The recipient mentality can also lead women toward sectionalism. A woman might make demands on society in terms of getting things for herself as a woman, i.e. for just one section of society, rather than seeing herself as responsible for the well-being of society as a whole.
There is also the issue of softer women being frivolous. It helps here to compare the harder masculine and the softer feminine experiences of life. A man who is committed to embodying the harder masculine virtues will seek to penetrate to the truth of things, to right principle, and then to master himself and his environment so that both conform to right principle. It is a quest that makes of man a seeker after knowledge of self and reality. A softer woman will experience life in terms of feelings that she is subject to, that she receives, one after another. Her feelings will lead her to thoughts, but there is not the same drive to tie these thoughts together to have effect in the world.
This can lead to men seeing a woman's purposes as relatively shallow. Women, it can seem, just want to have fun - to experience pleasurable feelings in the moment. A husband might experience demands from his wife to entertain her, to amuse her, to alleviate her feelings of boredom. A husband knows that he is at risk if his wife is bored - he is then on thin ice in his relationship with her.
For a man, the fun side of life is there as an occasional diversion and rest from his true tasks. A life that was just about seeking pleasure would make many men feel uneasy - it would not engage the masculine soul. Men sometimes have the instinct to deliberately choose the difficult and arduous path, over the easy and pleasurable one, as a way of coming to a better sense of who they are as men.
(I should point out that I am not arguing that a woman's purposes cannot be as deep or as worthy as a man's, only that a woman might struggle, from within her own nature alone, to realise these purposes.)
Which brings me to one final observation. It is obviously true that a man can be immature. In fact, in modern life, men are sometimes put in a position that encourages immaturity. However, if we look at the workings of the harder masculine spirit and the softer feminine one, then there exist reasons for women to be more immature than men, particularly over time as life progresses. If a man seeks to fulfil himself through masculine virtues requiring qualities of fortitude, endurance, integrity, duty, service and self-knowledge, then it is likely over time that he will develop a mature, adult persona. But if a woman is left in a state in which she sees herself as acted on by forces she cannot identify and has no control over; in which she seeks only for pleasurable feeling states; in which she sees herself as responsible only for herself rather than for larger communities; and in which she turns with negative emotions toward those she holds accountable for her feeling states - then the potential exists that she will not develop as a fully mature person, even into her adult life.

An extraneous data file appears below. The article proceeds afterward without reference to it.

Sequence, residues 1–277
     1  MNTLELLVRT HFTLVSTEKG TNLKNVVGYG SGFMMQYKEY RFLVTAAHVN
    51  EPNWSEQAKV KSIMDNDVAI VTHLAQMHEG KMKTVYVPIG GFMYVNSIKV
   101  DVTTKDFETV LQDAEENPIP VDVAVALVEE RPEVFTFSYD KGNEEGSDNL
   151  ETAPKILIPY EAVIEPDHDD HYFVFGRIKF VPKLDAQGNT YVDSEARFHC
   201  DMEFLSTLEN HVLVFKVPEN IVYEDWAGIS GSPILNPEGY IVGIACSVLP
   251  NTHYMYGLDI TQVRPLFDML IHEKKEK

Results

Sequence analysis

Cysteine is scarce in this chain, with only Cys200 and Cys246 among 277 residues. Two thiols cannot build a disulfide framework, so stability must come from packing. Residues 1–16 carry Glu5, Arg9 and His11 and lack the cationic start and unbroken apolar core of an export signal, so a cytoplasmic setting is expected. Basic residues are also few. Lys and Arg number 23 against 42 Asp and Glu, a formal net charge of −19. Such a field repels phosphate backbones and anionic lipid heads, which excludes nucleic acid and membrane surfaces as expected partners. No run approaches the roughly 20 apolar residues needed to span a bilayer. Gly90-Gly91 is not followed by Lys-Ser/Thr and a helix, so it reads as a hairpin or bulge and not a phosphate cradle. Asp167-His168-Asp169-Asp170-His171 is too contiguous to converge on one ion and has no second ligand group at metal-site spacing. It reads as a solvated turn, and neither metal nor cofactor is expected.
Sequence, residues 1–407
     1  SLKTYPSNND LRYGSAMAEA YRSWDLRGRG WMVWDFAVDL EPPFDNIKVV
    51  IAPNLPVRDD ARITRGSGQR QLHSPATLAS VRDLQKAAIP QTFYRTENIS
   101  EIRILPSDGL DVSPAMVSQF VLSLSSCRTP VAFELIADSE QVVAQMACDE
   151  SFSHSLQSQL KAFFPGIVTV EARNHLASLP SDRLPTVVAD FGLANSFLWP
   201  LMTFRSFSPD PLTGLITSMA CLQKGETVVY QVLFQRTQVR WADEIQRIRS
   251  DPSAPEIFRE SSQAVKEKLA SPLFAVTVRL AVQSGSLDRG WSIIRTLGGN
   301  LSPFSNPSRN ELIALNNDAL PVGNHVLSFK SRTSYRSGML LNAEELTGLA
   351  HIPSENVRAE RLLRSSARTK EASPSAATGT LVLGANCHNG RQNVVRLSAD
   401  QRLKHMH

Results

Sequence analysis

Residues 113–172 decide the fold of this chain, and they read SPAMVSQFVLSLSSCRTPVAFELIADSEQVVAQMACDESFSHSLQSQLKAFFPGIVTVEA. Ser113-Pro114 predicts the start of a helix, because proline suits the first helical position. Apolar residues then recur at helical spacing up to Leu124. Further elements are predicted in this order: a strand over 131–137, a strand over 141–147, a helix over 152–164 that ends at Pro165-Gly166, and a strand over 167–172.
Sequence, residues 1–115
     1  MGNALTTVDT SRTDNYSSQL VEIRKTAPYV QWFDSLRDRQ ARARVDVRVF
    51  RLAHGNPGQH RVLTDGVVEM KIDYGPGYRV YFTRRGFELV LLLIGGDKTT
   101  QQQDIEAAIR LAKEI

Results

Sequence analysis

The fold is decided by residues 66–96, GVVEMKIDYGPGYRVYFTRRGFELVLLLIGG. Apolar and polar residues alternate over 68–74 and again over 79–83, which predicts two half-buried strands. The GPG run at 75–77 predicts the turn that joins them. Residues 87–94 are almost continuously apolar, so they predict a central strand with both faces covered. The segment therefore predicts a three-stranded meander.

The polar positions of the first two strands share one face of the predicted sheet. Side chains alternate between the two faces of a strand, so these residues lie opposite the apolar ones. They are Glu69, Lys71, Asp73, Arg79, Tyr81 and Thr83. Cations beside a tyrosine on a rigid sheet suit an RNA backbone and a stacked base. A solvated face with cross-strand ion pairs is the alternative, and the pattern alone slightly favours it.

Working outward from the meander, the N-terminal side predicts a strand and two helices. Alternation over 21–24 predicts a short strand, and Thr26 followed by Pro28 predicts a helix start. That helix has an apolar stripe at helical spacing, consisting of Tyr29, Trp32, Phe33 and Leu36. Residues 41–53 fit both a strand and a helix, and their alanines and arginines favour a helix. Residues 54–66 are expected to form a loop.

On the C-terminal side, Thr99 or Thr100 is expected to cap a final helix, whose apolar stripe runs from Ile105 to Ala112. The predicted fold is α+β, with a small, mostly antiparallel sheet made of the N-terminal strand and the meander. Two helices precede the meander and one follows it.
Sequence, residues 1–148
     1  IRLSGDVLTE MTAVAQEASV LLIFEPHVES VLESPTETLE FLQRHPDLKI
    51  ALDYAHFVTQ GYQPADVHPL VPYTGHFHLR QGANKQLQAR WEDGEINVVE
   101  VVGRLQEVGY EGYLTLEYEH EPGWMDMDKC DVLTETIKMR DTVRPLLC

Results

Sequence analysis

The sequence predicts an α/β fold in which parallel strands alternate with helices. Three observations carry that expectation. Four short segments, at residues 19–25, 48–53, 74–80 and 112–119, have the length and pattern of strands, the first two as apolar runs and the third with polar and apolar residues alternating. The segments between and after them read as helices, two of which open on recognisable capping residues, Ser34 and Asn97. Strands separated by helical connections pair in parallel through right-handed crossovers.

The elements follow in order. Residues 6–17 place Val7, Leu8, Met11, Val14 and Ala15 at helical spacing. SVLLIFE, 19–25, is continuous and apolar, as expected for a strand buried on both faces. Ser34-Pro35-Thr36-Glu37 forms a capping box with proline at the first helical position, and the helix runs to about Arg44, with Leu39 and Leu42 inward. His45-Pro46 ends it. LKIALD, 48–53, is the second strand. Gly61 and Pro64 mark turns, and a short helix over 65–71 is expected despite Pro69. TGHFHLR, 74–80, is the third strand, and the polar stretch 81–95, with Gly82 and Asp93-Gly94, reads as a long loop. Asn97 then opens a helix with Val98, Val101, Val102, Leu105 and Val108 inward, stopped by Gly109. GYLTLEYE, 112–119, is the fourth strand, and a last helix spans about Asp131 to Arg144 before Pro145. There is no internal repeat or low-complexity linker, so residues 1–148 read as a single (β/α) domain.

Why go to the trouble of pointing out the negative aspects of a woman's softer nature? In my last post I described the three most common approaches to the woman question. The first and dominant one, namely the liberal egalitarian approach, I criticised at length. The second one, the complementarian approach, I suggested was also flawed. I am in a better position now to explain this flaw.
The complementarian framework rests on the idea that men and women are different but equal. It is thought that the masculine and the feminine are like two pieces that together form a harmonious unity. Some complementarians, including recent popes, have concluded that women should have more power in society so that the feminine can have a wider influence.
I too was once a complementarian, but I no longer believe that it is an adequate framework. If I am correct in what I have written in this post, then it is possible still to view men and women as equal in an ontological sense (i.e. in the sense that both are made in the image of God, and in the sense that the masculine and feminine, in their essential being, are equal). However, the relationship dynamic between men and women cannot be equal.
This is because it is a woman's purpose to fulfil the softer, feminine virtues, but the logic of her softer nature does not bring her toward these virtues. To accomplish her telos requires that men establish a frame in society that gives encouragement and direction to the feminine virtues - it is highly unlikely that this will happen unless men lead the relationship dynamic.
Nor is it easy to establish such a frame. There is no simple fitting together of the masculine and feminine to establish a harmonious unity. Complementarianism is sometimes trite and superficial in its understanding of what is required to make things work.
I intend to look in greater detail in my next post as to why this issue is so complex. In brief, the situation is made complex because the nature of women does vary. There are some women who are so well-natured and feminine that they are able to embody the feminine virtues in a relatively easy and admirable way; there are other women who are more able to govern feeling with reason and who therefore may look to a masculine role and masculine virtues rather than identifying with the feminine; there are also women who struggle to avoid the feminine vices, and within this group some may look instinctively to men for guidance whilst others may attempt to assert a feminine feelings-based frame on society. There is complexity too in the issue of how men might ally themselves with the more capable women in establishing an effective frame in society. Finally, and most importantly, there is the issue of the frame itself. What have the different traditions identified as the means by which women might be brought from the feminine vices to the feminine virtues? How can it be done? What does it take? It takes more, I believe, than most people realise.